Located in Italy’s Bay of Naples, Capri is a beautiful island with jagged cliffs, a cave-lined coastline, numerous designer boutiques, high-end hotels, and Michelin-starred restaurants. In addition to beautiful, the island can also be described as expensive — many of the boutique hotels here cost more than $500 per night in the high season.
Head farther up Italy’s coastline to Isola del Giglio, where you can escape the tourist crowds and high prices. Ferries from the mainland take approximately an hour and cost around $80 each way, if traveling in a car with two passengers. Popular with Italians, Giglio is relatively unknown to tourists outside of Italy, though it made international news in 2015 when the Costa Concordia cruise ship ran aground just off the island. Expect to arrive by ferry into the picturesque town of Giglio Porto, which features rows of colorful houses and boats bobbing in the harbor. Much less chi-chi than Capri, Giglio still has a lot to offer, with its stunning coastline, crystal-clear seas, a medieval hilltop town, and a smattering of mid-range hotels ($100 to $200 per night) as well as a few higher-end picks that cost close to $300 per night. Giglio Porto is a lovely place to wander around and sample some fantastic food, as is the hilltop town of Castello. The cute little resort town of Giglio Campese has a great beach and a number of reasonably priced eateries. Overall, a vacation on this island will make you feel like a local rather than part of the tourist crowds elsewhere.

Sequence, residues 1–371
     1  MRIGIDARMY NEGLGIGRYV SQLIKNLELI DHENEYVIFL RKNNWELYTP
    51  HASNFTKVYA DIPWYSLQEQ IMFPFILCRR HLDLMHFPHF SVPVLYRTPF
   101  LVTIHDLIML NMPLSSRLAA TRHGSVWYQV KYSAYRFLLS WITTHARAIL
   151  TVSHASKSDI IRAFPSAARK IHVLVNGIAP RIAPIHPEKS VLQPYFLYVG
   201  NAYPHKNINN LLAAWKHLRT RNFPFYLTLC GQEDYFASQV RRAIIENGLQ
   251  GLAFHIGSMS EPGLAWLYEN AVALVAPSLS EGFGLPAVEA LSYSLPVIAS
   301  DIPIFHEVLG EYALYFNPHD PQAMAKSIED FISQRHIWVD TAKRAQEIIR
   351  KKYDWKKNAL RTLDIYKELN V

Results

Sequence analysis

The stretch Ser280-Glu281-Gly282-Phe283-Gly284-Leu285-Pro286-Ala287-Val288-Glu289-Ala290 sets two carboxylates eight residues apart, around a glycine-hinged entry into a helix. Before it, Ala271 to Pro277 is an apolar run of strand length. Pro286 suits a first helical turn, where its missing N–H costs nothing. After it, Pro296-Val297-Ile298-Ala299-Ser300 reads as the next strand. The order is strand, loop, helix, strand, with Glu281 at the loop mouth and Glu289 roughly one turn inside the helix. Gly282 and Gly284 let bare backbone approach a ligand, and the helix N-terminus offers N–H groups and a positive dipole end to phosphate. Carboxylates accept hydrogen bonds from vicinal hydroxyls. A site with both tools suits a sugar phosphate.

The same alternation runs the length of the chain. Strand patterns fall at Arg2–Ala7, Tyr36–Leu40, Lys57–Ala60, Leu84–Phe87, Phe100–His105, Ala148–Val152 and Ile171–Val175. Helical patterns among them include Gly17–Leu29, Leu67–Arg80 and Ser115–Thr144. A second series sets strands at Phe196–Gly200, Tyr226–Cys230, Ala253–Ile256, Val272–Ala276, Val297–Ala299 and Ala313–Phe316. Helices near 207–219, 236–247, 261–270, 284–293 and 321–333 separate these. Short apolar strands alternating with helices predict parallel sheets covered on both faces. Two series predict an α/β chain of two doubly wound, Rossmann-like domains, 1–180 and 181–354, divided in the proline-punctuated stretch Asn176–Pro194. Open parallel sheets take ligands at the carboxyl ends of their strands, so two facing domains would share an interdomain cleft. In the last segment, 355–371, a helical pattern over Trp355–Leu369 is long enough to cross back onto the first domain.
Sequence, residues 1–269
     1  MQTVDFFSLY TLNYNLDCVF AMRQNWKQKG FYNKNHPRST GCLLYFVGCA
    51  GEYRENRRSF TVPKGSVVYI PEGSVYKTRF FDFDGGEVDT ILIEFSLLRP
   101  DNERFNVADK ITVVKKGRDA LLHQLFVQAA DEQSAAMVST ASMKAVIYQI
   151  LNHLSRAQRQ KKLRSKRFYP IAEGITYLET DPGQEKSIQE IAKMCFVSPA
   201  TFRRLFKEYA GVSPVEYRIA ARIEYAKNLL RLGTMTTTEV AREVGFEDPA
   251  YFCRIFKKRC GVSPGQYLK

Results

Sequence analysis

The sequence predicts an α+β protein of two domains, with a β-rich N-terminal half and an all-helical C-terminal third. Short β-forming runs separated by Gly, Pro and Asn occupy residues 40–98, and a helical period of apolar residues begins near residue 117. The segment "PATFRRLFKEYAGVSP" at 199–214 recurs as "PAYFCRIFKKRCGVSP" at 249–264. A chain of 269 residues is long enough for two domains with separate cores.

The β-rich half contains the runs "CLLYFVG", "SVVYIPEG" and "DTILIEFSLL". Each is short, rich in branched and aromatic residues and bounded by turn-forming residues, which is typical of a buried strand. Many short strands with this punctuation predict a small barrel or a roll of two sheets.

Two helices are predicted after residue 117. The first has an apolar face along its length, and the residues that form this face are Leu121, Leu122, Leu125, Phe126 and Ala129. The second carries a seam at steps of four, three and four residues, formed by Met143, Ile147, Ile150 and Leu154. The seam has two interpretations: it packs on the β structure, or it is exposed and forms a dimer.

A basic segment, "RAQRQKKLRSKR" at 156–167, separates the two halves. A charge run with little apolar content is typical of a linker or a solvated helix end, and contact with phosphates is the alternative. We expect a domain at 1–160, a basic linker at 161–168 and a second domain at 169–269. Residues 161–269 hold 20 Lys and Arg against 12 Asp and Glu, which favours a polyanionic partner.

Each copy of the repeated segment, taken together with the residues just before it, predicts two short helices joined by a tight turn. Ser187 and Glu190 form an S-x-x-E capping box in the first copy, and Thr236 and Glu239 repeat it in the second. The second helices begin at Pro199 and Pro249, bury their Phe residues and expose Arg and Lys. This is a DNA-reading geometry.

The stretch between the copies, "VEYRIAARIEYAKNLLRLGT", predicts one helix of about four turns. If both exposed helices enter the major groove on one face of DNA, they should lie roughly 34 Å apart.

Necker Island, privately owned by British billionaire Sir Richard Branson, has become one of the world’s top island getaways — and it obviously comes at a price. The second-most northern of the British Virgin Islands was bought by Branson in 1978 for $180,000, but he has since spent over $10 million to make it an exclusive retreat. It now attracts all kinds of celebrities and entrepreneurs who are willing to shell out $42,000 a night (for the whole island), or a more modest $27,000 a week if booking a villa. Previous guests include former U.S. President Barack Obama.